Some readers will not be that interested in this entry given as it deals with a specific time in the history of Newfoundland when I was a Minister of the Crown and Premier. I was going to publish this partial review when it was written in September 2015 but held off and got busy at other things . I have scanned the content of the book dealing with the details of Federal Provincial Relations during my time and will be dealing with that content in a few days . Nothing that I have read following the completion of this partial review has changed my mind about what I have written so it remains as written last year.
Raymond B. Blake is a professor in the history department of the University of Regina. He has published several books on Canadian History and has just published ( July 2015) a new book entitled ‘Lions and Jellyfish–Newfoundland-Ottawa relations since 1957.’
Of course, this period covers my time as Premier( 1979-1989) and hence I am immediately interested in what people like Mr. Blake has to say in reviewing the Federal Provincial file during my tenure . This is more acute for me in recent years given the mangled record by so called experts in writing about the patriation of the constitution , leading partly to the reason I wrote my book in 2012 entitled ‘Some Day the Sun Will Shine and Have Not Will Be No More.’ As I record in the book many prominent writers and even a Supreme Court Judge got Newfoundland’s position about its place in Canada wrong on a number of very important issues.
Part of the Book
Now to come to this book. I have only read the introduction and the bibliography . I will be reading the rest of the book and commenting on those parts of which I feel competent i. e. sections dealing with my time in office. Obviously, I leave it to the other Premiers to comment or not on what is written about Federal Provincial relations during their period in office.
Of course , the introduction sets out themes and ideas to be carried forth in detail in the rest of the book and hence it is important in its own right for that reason. And , of course, the bibliography; what books, documents and articles are highlighted and what ones are not, because it is using those resources that positions are taken, opinions formed.
I note that there are primary and secondary sources described . So there is obviously some discretion by the author of what constitutes primary and secondary sources. It is interesting , and somewhat puzzling , what material makes each list. But, I will not emphasize that now.
During my tenure , the Government produced several important documents none of which I see identified as such in the bibliography in either the primary or secondary sources. There is reference to my opening statement at the Federal Provincial Conference of November , 1981 , but just the opening statement . No other opening statements at other conferences are referenced , for example economic conferences or other constitutional conferences . Perhaps the author is relying on my book .
These documents are crucial because they set out in detail the Government’s position , very often in matters of Federal Provincial Relations , and hence bear directly upon the subject of this book. Yet, there is no reference specifically to :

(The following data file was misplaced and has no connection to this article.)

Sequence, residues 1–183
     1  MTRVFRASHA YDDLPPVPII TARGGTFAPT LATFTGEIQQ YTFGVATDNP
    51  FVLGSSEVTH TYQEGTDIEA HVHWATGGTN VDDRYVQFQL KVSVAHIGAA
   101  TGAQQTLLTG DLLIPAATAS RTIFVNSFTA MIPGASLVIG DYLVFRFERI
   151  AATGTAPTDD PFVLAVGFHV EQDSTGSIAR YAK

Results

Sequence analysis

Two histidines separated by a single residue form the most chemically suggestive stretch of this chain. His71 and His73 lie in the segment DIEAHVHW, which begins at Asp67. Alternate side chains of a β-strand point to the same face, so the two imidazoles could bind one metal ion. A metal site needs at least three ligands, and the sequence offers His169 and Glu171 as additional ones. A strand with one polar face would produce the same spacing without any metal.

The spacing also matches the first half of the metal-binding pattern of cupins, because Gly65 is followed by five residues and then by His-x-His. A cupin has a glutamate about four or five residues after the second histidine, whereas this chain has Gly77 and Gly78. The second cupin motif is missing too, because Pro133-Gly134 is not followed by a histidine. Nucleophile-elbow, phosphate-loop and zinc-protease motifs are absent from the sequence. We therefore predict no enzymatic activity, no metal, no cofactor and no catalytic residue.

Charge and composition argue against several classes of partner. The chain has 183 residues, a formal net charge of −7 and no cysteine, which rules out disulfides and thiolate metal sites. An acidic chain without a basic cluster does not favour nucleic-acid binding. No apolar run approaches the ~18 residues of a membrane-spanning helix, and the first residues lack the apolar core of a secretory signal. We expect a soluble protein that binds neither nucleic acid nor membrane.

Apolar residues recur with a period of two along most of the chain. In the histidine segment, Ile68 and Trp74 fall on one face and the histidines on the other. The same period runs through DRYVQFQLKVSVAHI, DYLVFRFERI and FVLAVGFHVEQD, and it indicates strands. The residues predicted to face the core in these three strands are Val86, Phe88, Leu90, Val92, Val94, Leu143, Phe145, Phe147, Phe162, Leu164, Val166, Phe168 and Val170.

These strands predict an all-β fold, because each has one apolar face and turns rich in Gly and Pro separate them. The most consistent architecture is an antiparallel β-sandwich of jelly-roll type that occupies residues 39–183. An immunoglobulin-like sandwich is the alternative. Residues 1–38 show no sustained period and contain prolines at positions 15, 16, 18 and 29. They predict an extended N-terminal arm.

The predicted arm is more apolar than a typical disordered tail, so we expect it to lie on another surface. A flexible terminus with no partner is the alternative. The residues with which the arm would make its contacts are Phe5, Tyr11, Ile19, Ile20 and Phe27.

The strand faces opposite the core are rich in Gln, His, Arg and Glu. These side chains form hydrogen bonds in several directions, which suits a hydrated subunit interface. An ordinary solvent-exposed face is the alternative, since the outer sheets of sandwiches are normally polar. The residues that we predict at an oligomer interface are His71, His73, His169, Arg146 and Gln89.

The first is the document published in August , 1980, entitled ‘Towards The Twenty First Century –Together , The Position of the Government of Newfoundland Regarding Constitutional Change .’ This is all about Federal Provincial relations.
The second is the document ‘Heritage of the Sea —our case on offshore mineral rights’ which even predates the first document. In the book the statement is made that Newfoundland position was what it was ‘ only because we brought the offshore into Confederation.’ This is a very simplistic interpretation that speaks of a very cursory reading ( if one at all) of the Province’ s position in this document and does a disservice to the legal and constitutional scholars ( for example Professor Bill Gilmore of the University of Edinburg) and their research involved in this case.
oThe third is the document ‘Managing All Our Resources ‘ published in October 1980. Once again in this document there is a significant amount of discussion of the Province ‘ s position on subjects that involve Federal Provincial relations.
I submit that in any discussion of Federal Provincial Relations from 1979 to 1989 involving Newfoundland and Ottawa that these are primary sources that must be analyzed to get a full appreciation of the Newfoundland position.
It is out of these documents that arose the Supreme Court of Canada decision on offshore resources. It is from these documents that the Government passed the Water Reversion Act , later to be adjudicated by the Supreme Court of Canada and it is from these documents that Newfoundland almost succeeded during the patriation discussions in having more balanced powers in the fishery. These are all significant issues of Federal Provincial relations since 1957 and given that two reached the highest court , and the third constitutional negotiations , surely they represent some of the most important Federal Provincial events of the era under study.
And resulting from all this were two agreements between the two Governments, one, The Atlantic Accord , breaking new ground in Federal Provincial Arrangements in an area adjudicated by the courts to be exclusively Federal jurisdiction and The Fishery Restructuring Agreement , establishing a new company with Federal and Provincial money which at the time changed the whole corporate structure of the industry . These were truly revolutionary in the area of Federal Provincial Relations at the time of their signing , and I am unaware of any similar or as groundbreaking as these two were anywhere in the country to this day. Oh yes, Nova Scotia has an offshore accord , but only after Newfoundland had secured its accord and because in an earlier inferior agreement with the Federal Government ( no doubt signed to put pressure on Newfoundland) Nova Scotia ensured there was a provision that if another Province gets better deal then they they get it too.
Supporting these three were five other documents :
Discussion Paper on Major Bilateral Issues , Canada -Newfoundland , May , 1980 .
Discussion Paper on Major Bilateral Issues , Canada -Newfoundland , September 1984 .
The Document ‘ The Energy Priority of Newfoundland and Labrador , Fairness and Equity in the Utilization of the Churchill Falls Hydro Resource dated November , 1980
Restructuring The Fishery : A detailed Presentation by the Government of Newfoundland and Labrador to the Government of Canada, dated May, 1983.
Strength From The Sea : Newfoundland’s Position on Northern Cod , 1986.